Best year of my life.  Just hired at Timber Hill, cheerleader sweetie, "bitchin" (American Pie), car (race Thomas Corvair),

 

But the draft Seg ... the draft of 1968 ... hey, I was in that and my number was 024.

 

Then they gave me a longer number that as they said "you will never forget", everything had a number

 

Notice the Sears skis .. Ted Williams made in Austria and "leave the wax home", those years it was P-Tex or Kofix for base material.

 

Leather baskets .. drool.gif

 

Still have the skis and they have Look Nevada heels with Marker toes.  I locked my finger in the heel a few years ago, one would have thought they were frozen shut.  They were certainly not.

post #14 of 23
Quote:
Originally Posted by Yuki View Post

 

 

Look Nevada heels with Marker toes. .


Yuki,  This past weekend I found a old Look Nevada tool in my Dad's shed.  You had the right set-up at the time Look Nevada with the Marker toe.

A lot of fun flipping the pages of SI.  I will need to pass it on to my fellow staff member at the Cat.

Hank
 

 

post #15 of 23

It seems like Killy skied in a sweater alot. Great flashback for me too. I had a pair of Killy 800's in 1971. Can still recall their serial # 198 SL 80523!  I wonder where they are now. Sold them to get something else. Head HRP Comps!

 

40 years later back on Heads and Head boots.

post #16 of 23
Thread Starter 

Just curious, when was the last time you saw somebody test the flex of a ski the way Stein does in this ad opposite page 39!  I wonder what Stein thinks of today's ski designs.

post #17 of 23
Quote:
Originally Posted by Jamesj View Post

For those of us of a certain age (boomers) Killy will always by synonomous with an explosion of world interest in skiing.  The best way to put it is that he was the Tiger Woods of skiing in his day.  Even modern media coverage has not raised US superstars like Vonn and Miller to Killy's level as a "household word" across much of America back in the late 1960s..

Just think: today's skiers get "coverage" more because everyone has a facebook account, a twitter account, and a mobile phone that lets them play with those things as well as texting friends or blogging. People share information thousands of times faster (if less accurately) today than 45 years ago. In fact, existence for a great many Americans I encounter is focused on externalizing and then sharing every single detail about what they encounter -- which ramps up the information spread even faster.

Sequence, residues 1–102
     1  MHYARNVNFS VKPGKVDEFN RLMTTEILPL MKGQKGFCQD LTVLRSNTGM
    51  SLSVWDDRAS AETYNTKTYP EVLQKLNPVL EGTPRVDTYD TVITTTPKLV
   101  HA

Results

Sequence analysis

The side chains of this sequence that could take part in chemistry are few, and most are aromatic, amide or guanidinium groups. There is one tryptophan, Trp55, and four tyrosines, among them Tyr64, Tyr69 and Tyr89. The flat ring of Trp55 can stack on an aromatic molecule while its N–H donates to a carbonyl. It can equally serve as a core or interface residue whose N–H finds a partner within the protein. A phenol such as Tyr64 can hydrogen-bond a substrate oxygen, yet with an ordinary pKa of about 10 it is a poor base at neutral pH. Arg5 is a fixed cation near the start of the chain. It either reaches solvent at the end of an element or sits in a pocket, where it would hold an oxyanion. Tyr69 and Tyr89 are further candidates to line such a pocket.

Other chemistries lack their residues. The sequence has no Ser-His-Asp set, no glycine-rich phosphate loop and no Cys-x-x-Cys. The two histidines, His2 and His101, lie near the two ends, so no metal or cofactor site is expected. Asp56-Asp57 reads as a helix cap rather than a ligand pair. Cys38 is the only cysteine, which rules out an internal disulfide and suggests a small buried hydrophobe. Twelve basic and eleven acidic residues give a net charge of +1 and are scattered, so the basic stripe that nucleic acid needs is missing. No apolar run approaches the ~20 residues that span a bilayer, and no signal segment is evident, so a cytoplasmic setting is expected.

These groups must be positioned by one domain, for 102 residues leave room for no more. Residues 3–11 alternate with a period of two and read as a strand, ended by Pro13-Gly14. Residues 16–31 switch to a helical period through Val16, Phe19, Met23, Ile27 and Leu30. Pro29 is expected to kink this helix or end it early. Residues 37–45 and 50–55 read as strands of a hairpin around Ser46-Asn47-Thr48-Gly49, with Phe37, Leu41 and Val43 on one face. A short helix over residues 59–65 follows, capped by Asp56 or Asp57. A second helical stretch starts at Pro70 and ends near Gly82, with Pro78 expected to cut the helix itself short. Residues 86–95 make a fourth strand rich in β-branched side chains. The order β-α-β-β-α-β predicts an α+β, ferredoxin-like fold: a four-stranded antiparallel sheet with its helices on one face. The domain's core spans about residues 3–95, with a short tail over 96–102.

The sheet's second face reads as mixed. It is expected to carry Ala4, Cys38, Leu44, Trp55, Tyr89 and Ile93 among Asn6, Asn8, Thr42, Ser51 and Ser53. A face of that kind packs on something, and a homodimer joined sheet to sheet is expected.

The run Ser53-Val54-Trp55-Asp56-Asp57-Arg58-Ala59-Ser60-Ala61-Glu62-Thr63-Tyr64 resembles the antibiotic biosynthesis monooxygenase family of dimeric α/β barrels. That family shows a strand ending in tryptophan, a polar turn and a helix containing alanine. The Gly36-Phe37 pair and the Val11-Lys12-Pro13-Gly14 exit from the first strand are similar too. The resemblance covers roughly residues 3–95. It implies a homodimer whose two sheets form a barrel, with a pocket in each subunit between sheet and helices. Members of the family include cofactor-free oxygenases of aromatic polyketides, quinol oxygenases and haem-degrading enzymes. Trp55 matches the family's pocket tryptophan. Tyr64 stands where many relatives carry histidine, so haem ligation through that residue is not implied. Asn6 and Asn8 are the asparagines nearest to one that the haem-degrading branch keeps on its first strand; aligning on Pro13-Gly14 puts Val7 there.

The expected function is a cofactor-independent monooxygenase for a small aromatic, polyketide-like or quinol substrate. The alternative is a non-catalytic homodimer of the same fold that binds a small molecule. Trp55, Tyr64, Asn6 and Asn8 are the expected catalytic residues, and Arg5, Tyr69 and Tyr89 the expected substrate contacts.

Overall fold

Athletes were not really show-people back then. Today, they are at least 50% entertainer in many cases, especially in the big-stadium ball sports.
post #18 of 23

I love the premise that skiing is unique to everyone and finding the most natural stance for you is so important. I've used that idea and the "if you walked down the street that way" line for years and never knew I was quoting Killy.

post #19 of 23

That was awesome! I probably had more fun looking at the ads for 8-tracks and color TVs. Memory lane.

 

Page 101 - awesome ad for Camaro SS featuring Killy and a ski rack on the trunk! What a great ski car that would make. rolleyes.gif

 

They show a $200 one-piece suit. That would be $1200 in today's dollars! And so many ski ads in SI. Won't see that today.


Edited by Sinecure - 2/16/12 at 1:28pm
post #20 of 23

"Why OJ rates as the best runner of them all".  Humm, Mezzaluna to Rockingham in 5 minutes flat!

post #21 of 23
Quote:
Originally Posted by Sinecure View Post

That was awesome! I probably had more fun looking at the ads for 8-tracks and color TVs. Memory lane.

 

Page 101 - awesome ad for Camaro SS featuring Killy and a ski rack on the trunk! What a great ski car that would make. rolleyes.gif

 

They show a $200 one-piece suit. That would be $1200 in today's dollars! And so many ski ads in SI. Won't see that today.



Sears Skis baby. Pages 80-81. Hey Rossi Smash, got the full Sears Quiver??

post #22 of 23
post #23 of 23


 

Quote:
Originally Posted by crgildart View Post



Sears Skis baby. Pages 80-81. Hey Rossi Smash, got the full Sears Quiver??


Probably, but under a different label. They were Fisher ALUs' as I recall.